When most new lifters look up, they lift the chest early and the body compensates by bringing the knees forward slightly to keep the weight over the middle of the foot. This is a natural reaction because the cervical spine (the neck) is connected to the thoracic spine (the upper back). However, when the knees go forward, even a little bit, the quads (which are already working their asses off) have to produce more force. Bar speed tanks. The lift feels like death.
It seems simple, then. If looking up brings the chest up too early, just don’t look up. This begs the question: why do some strong squatters look up, usually to horizon but sometimes even higher, when they squat?
Oftentimes, these lifters are front squatting or high bar squatting with limb lengths that favors a more-vertical back angle. In such a case, I would expect the lifter’s eyes to be up at horizon and the exact position will matter less since their head is nearly neutral at horizon anyway. It’s also common to see lifters who are just phenomenally strong, and despite their chest raising slightly, and bar speed visually slowing down, they power through.
Even so, there are some skilled lifters doing low bar squats who can execute excellent hip drive with their eyes up. If someone has an otherwise excellent squat and looks up into the rafters, do we have to fix it? Maybe.
I almost hesitate to mention this because it’s not as big a deal as it sounds, but I think there is a slightly increased risk of injury from looking up, especially in jerking the head up as you drive out of the hole. The spine is meant to extend. We do it all the time without injury, and some have argued that because the barbell is below the neck, the cervical spine isn’t under load and the head position shouldn’t matter. Maybe normally, that would be true, but under a load, things below the spine have an impact upstream.
Specifically, when the weight gets heavy, the traps contract to tighten the supporting frame of the upper back. However, the upper traps connect at the base of the back of the skull. When you reach your neck to look back, there isn’t much pressure on the cervical vertebrae or the muscles surrounding it. If you crunch your neck to do so (think thrusting the chin forward instead of up, which is what we tend to do under the bar), you probably feel discomfort as you reach your end-range-of-motion. Combine that with the downward pull of the contracted traps (especially if you’re ‘whipping’ the neck back in the lift) and you risk going beyond that range and causing injury.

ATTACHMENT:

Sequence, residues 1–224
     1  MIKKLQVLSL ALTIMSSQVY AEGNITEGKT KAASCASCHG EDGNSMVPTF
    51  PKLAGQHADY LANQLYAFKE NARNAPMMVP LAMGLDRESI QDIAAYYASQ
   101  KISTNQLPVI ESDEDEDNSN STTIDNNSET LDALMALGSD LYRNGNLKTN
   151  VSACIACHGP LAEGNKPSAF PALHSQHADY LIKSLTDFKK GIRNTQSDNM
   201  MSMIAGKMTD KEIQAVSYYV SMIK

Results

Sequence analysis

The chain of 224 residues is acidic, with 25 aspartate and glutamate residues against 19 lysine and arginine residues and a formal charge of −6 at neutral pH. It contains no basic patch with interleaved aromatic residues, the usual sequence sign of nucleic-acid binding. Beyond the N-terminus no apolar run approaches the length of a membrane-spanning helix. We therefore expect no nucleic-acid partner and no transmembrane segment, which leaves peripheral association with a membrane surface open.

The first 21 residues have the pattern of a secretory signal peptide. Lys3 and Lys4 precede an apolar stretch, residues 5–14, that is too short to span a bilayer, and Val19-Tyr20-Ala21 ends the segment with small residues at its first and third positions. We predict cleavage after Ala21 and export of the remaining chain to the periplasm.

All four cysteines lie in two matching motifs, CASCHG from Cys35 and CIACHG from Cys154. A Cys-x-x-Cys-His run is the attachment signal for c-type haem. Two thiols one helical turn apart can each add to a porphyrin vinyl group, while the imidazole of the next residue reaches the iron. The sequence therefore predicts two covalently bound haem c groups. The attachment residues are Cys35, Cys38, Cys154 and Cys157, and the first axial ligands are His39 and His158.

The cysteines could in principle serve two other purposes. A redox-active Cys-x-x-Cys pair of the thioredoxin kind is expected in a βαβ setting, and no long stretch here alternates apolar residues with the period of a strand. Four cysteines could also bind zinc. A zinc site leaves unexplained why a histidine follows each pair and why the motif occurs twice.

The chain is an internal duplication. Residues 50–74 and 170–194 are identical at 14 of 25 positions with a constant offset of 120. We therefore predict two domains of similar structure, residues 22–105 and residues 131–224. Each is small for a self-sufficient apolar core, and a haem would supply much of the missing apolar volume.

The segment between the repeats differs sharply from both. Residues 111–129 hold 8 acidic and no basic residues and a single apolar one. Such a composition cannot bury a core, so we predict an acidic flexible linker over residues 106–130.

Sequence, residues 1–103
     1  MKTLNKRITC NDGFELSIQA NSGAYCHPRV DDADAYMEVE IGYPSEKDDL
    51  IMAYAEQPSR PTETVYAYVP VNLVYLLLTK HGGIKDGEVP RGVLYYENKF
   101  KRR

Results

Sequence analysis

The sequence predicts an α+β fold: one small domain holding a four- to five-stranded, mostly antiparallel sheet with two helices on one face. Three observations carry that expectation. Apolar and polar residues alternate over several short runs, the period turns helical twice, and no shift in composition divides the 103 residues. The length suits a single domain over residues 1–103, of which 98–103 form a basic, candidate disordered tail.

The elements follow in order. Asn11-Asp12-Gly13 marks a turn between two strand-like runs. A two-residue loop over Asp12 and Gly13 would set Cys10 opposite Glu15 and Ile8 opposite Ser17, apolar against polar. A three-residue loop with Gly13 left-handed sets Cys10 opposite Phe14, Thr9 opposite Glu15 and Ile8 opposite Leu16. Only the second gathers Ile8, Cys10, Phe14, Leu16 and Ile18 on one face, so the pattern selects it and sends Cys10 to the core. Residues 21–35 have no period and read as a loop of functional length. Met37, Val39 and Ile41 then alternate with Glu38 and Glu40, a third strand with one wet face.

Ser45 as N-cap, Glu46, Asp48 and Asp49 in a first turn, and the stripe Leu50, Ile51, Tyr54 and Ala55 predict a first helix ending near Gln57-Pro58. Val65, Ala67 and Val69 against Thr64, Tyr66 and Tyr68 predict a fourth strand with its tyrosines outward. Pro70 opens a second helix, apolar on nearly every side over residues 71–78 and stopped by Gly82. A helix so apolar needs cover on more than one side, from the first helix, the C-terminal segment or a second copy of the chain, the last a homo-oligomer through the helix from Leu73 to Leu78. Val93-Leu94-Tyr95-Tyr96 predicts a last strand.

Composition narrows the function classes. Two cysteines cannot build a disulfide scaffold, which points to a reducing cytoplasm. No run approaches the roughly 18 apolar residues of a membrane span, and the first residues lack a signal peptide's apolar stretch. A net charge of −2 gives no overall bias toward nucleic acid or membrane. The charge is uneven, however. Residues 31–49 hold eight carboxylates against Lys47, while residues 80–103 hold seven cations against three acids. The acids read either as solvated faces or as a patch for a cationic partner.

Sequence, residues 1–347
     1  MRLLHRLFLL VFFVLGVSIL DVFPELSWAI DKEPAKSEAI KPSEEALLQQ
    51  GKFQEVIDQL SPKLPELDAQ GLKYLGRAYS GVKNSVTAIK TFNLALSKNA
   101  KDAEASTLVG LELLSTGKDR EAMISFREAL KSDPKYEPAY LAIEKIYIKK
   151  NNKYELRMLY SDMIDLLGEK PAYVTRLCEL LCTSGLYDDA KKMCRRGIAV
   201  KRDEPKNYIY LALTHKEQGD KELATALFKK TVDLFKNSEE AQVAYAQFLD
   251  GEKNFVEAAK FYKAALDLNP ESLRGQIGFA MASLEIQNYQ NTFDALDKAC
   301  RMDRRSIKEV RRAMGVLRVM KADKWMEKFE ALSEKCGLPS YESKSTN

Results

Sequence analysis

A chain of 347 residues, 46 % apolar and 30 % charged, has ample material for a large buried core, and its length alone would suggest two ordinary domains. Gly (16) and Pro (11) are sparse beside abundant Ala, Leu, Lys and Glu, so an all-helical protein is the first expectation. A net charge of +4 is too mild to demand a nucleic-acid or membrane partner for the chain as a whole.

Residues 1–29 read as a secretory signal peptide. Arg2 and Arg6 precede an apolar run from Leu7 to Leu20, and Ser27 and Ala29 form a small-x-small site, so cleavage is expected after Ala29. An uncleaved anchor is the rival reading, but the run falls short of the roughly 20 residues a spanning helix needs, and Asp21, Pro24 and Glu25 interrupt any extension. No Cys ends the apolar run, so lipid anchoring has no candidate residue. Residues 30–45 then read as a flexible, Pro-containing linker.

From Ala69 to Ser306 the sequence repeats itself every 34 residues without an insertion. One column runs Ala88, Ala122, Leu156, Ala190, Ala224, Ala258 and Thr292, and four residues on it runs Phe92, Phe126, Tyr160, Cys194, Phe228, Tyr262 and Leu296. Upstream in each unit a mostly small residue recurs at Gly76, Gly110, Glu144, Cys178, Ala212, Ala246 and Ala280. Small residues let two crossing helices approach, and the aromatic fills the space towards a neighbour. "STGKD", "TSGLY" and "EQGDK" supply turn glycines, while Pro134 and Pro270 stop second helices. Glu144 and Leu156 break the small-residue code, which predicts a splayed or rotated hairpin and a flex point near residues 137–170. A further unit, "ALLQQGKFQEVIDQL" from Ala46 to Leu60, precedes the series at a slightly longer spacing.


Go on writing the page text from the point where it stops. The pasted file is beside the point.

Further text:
I (sadly) have personal experience giving myself mild neck sprains with pullups and deadlifts during my first 2 years of ‘getting after it,’ and the mechanism was the same: craning the neck with contracted traps.
All that being said, I still hesitate to mention it. First, it’s a minor issue. I’ve never heard of a ruptured cervical disk from squatting. Mostly we’re looking at sprains and strains and, yes, they will definitely put a damper on your dance card for a few days, but you can train through them.
Second, debating this point back and forth, a great question keeps coming up: what does a ‘normal’ or ‘neutral’ head position look like? We know when we’re looking at something that’s just ugly, and most coaches can agree on what neutral looks like (mostly), but when does it become excessive? It’s one of those fuzzy areas- “I know it when I see it”- and that’s just not convincing.
In the end, can I tell you confidently that your neck position will hurt you or that it’ll derail your training? Not confidently. Still, as a coach, I will teach all of my beginner lifters to look down when they squat and emphasize hip drive because among beginners, the reflex is almost universal. If I’m working with an experienced/strong lifter who’s been looking up for years and has excellent hip drive, I’ll work at getting them to lower their gaze, but it’ll be lower on the priority list of issues to correct.
Finally, a disclaimer: if you experience particularly severe neck pain, tingling or numbness in the arms or extremities associated with neck pain, or painful neck stiffness beyond 2 or 3 days after exercise, I recommend you see a doctor.